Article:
Before And After.
December 17, 2015
The state of limbo between the "before" and the "after" is filled with all sorts of notions: transitions, processes, even apprehensions and doubts. Each of these notions is intimately linked with art and examples of what this looks like can be found in the exhibitions featured below. Subjects such as stability, journey and perception are tackled by artists in various mediums. And, if you're looking for exhibitions to put on your radar before and after the New Year, the ones in this blast will certainly do. Happy holidays from ours to yours!
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Come experience the dialogue that is taking place on our zine right now! Our comment box feature allows you to give your remarks and feedback through your Twitter, Facebook or Google accounts. This is just another way to continue the art discussions that make up the Artscope universe. Also, you can visit the Artscope breaking news feed on the current exhibitions page of our website to see what's happening today through tweets sent directly from your favorite galleries and museums. When you attend an exhibit, after learning about it through the feed, please mention that you saw it in Artscope.
As always, information on upcoming exhibits and performing arts events can be sent to [email protected], to appear in the magazine or in e-blasts such as this. Curious about advertising? Reach us here for more information. To learn more about sponsoring
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- Lacey Daley
Terrain at Fountain Street Fine Art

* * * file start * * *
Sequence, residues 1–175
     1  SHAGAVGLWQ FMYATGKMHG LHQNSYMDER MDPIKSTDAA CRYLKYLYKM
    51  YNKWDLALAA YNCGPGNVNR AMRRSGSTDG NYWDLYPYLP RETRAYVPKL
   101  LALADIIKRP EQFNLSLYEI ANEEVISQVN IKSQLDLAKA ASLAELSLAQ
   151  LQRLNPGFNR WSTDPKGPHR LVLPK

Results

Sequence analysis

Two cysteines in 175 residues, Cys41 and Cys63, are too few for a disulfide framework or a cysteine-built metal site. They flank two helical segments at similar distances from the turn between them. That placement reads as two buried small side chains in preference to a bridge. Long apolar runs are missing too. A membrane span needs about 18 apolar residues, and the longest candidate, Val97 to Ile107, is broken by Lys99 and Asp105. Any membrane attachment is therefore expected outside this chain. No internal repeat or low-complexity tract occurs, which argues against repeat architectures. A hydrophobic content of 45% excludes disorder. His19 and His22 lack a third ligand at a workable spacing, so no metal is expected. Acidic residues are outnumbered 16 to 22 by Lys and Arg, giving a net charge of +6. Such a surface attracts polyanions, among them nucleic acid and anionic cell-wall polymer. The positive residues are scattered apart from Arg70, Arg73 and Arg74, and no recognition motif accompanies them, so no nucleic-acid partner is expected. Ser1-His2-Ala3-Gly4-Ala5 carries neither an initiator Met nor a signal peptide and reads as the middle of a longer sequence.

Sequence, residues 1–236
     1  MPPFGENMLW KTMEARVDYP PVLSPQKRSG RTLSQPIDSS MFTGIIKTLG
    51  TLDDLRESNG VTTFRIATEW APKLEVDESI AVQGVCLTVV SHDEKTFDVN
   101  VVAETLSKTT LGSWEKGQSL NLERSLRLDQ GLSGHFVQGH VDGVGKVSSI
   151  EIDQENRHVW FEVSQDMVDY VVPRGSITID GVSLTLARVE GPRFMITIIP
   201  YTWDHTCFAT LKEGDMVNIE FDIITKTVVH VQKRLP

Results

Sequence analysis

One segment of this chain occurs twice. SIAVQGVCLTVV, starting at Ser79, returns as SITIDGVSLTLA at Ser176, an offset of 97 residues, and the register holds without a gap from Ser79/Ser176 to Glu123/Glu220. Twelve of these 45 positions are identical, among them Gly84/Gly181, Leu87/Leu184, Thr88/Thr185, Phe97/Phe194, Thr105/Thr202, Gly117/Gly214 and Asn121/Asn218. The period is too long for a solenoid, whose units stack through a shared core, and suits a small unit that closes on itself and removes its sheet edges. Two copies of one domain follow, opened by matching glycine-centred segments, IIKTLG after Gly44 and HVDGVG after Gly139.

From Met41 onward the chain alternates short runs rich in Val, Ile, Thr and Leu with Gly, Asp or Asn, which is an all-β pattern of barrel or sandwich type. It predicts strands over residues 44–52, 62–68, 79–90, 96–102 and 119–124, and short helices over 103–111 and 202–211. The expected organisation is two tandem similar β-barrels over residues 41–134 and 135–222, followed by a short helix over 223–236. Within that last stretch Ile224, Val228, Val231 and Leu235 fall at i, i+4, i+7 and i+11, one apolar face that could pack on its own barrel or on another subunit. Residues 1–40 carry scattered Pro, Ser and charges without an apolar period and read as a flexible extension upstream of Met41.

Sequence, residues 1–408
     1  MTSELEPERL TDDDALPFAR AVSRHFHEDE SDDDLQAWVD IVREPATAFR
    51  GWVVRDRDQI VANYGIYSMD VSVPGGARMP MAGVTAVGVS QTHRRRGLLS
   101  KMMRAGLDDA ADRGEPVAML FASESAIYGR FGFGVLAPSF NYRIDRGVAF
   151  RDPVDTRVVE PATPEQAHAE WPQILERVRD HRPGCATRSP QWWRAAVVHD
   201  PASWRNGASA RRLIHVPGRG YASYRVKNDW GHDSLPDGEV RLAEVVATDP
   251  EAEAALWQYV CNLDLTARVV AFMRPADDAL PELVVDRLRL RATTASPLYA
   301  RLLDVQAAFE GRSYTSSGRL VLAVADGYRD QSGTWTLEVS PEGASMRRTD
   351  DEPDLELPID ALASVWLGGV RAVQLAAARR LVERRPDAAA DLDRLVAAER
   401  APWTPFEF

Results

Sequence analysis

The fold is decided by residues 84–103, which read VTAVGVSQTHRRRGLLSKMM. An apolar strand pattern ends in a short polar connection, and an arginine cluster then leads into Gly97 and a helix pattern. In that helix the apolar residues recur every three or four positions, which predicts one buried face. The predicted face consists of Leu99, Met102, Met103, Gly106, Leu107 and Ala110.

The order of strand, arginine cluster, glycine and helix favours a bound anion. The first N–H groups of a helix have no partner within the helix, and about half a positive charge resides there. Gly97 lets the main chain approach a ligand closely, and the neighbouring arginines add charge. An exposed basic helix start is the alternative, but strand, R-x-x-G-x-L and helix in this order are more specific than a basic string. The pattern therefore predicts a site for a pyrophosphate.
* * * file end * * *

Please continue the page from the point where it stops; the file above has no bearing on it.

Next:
in Framingham, Massachusetts now through January 10
Scott City by Paige Berg Rizvi. Encaustic, Oil, and Archival Inkjet Prints on Wood Panel, 2014.
hile terrain can denote the most stable physical aspect of our planet, it can also be ephemeral, philosophical, even imaginary—a field of knowledge and creativity as much as texture and geography. In a call to artists circling around the real and the imagined, Fountain Street Fine Art
asked creators to use the word "terrain" as a starting place for their art. Participating artists were encouraged to interpret, explore and stretch the concept of terrain—to find visual poetry and play with its meanings. Nearly 200 artists across the country submitted about 350 works of art. Forty-one pieces by 39 artists were selected for inclusion into the show, Terrain: Finding Elusive Ground
. Exhibiting artists include Brenda Cirioni
, Betty Glick
, Richard Kattman
, Paige Berg Rizvi
, Pip Shepley
and Jeff Woodbury
, among others. Juror John Colan
commented that, "Beyond the literal, there are infinite interpretations for the idea of terrain—as an analogy, or metaphor, perhaps—so many avenues to explore artistically, in any medium." Colan
asked Shana Dumont Garr
, gallery director at Kingston Gallery
and former assistant director at Montserrat College of Art
, to choose the awardees from the juried work. Roz Sommer
was awarded first place for his works Cove Woods
and Small Green With Pink
. Of his artistic range, Sommer
says, "Expressive qualities of paint, particularly oil paint, are the elements that connect my various bodies of work. Thick, juicy, textural color, as well as dramatic light and shadow emphasize the intensity of my subjects." Second place went to Lorraine Sullivan